LANDSCAPE ARCHITECTURE EXAMINES THE MINING INDUSTRY AT VENICE BIENNALE

Jun 29, 2016 by

extraction-exhibit
A visitor to Extraction watches a video displayed in the ground / copyright Laurian Ghinitoiu, via Arch Daily

One of the first ever national architecture pavilions to be curated by a landscape architect debuted last month at the Venice Architecture Biennale. The Canadian exhibit, entitled Extraction, is curated by landscape architect Pierre Bélanger, ASLA, who is also associate professor at Harvard University. Ryerson University ecologist and landscape planner Nina-Marie Lister, Hon. ASLA, also worked on the project, along with architecture firm Rvtr, design firm Opsys, and the multimedia firm Studio Blackwell.

Extraction examines Canada’s role in extracting the resources that fuel our cities. “Canada has become a global resource empire. The preeminent extraction nation on the planet,” Bélanger said, citing its 20,000 mining projects now underway.

Visitors to the exhibit are invited to look through a hole in the ground, where they see a solid-gold survey stake planted at the intersection of the English, French, and Canadian pavilions. Beyond the stake, a video plays, displaying the history of Canada’s resource extraction through 800 images from 800 contributors in 800 seconds.

Bélanger and his team were initially warned that visitors to the exhibit would begrudge prostrating themselves to view the film, so “we milled a beautiful ½-inch surface of Corian that we keep clean and made a pillow for people to kneel on as a way to engage the project. Many people started laying down on the ground and relaxing.”

A visitor to Extraction watches a video displayed in the ground / copyright Laurian Ghinitoiu, via Arch Daily
A visitor to Extraction watches a video displayed in the ground / copyright Laurian Ghinitoiu, via Arch Daily

Architect Bruce Kuwabara told Bélanger that Extraction “engages us in questions of responsibility and ethics in the face of an overwhelming challenge — to reset the relationships of power so we might create a more transparent and equitable world.”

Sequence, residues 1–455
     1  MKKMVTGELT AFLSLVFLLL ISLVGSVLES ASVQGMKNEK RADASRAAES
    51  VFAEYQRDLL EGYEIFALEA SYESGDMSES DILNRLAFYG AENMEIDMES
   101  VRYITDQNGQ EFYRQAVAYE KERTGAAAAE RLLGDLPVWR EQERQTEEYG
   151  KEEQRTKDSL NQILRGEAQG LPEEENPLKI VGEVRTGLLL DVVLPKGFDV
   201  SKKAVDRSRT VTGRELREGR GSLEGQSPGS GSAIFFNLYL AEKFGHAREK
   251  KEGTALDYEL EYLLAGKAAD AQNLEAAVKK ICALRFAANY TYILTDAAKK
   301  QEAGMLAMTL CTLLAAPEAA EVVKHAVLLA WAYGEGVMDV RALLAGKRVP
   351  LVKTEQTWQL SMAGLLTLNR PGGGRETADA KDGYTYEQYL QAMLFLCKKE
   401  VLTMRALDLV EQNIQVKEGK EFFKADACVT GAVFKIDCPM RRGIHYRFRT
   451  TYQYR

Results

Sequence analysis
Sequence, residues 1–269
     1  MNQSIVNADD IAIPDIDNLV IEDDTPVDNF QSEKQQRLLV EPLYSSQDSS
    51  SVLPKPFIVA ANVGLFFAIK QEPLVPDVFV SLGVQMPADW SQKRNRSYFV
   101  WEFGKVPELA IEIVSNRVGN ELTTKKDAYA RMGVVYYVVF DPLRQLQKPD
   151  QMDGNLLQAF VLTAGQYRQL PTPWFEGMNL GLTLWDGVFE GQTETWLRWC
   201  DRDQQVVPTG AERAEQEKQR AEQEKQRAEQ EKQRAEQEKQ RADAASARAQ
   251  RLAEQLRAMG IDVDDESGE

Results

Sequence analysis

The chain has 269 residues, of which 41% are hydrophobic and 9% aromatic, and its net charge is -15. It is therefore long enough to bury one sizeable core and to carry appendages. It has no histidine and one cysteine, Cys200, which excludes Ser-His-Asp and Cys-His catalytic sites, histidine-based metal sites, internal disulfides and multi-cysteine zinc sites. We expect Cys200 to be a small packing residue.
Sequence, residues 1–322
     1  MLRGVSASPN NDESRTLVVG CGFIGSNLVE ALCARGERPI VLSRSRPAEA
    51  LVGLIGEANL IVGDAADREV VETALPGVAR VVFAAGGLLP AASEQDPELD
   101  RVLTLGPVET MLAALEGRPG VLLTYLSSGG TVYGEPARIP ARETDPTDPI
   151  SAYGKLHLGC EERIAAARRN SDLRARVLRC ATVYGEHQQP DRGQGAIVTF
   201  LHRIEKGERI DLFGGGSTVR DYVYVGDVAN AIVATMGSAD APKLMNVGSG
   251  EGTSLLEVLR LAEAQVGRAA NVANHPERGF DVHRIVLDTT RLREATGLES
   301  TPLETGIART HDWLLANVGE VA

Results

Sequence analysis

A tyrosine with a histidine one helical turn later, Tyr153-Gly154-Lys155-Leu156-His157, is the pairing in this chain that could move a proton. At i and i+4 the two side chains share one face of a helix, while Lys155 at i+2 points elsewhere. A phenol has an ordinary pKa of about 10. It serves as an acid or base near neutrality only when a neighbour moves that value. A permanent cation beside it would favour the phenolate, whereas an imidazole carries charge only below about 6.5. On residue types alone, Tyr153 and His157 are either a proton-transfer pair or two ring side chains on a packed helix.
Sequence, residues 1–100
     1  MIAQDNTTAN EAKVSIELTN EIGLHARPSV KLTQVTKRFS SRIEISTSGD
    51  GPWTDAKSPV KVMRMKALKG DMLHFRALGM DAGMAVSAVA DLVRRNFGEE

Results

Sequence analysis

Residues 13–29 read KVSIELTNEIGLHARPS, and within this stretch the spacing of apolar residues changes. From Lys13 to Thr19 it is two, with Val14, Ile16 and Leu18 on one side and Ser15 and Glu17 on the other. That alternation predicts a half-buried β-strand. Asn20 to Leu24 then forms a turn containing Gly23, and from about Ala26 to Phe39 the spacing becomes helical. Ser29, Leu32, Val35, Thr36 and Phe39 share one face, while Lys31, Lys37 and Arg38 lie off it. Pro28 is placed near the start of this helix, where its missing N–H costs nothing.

Bélanger explained that most Biennale visitors suffer from “interior exhibition fatigue,” and that the fresh air and natural light were in part responsible for the large crowds Extraction has drawn. Furthermore, “we specifically under-designed the project and augmented the texture and interaction in order to engage the senses in ways that appeal to a much larger audience than drawings, models, or writings on the wall.”

He add that “exhibitions at the Biennale are expected to be about the celebration of national architecture, located inside of a national building belonging to a specific nation. Our involvement as landscape architects, ecologists, planners, and urbanists makes it unique.”

Indeed, the Venice Biennale is a valuable opportunity to share landscape architecture as well. “The basic element of land — in all its political, ecological, social, and technological dimensions — is often overlooked. We need to make land relevant to pressing questions and critical matters of urbanism and a very large audience of professionals and the public.”

Extraction will be on display in Venice through November 27 and then proceed onto a Canadian tour through 2017. A book of essays concerning Extraction is also in the works, co-edited by Bélanger and Lister. Learn more online or by following the project on twitter @1partperbillion.

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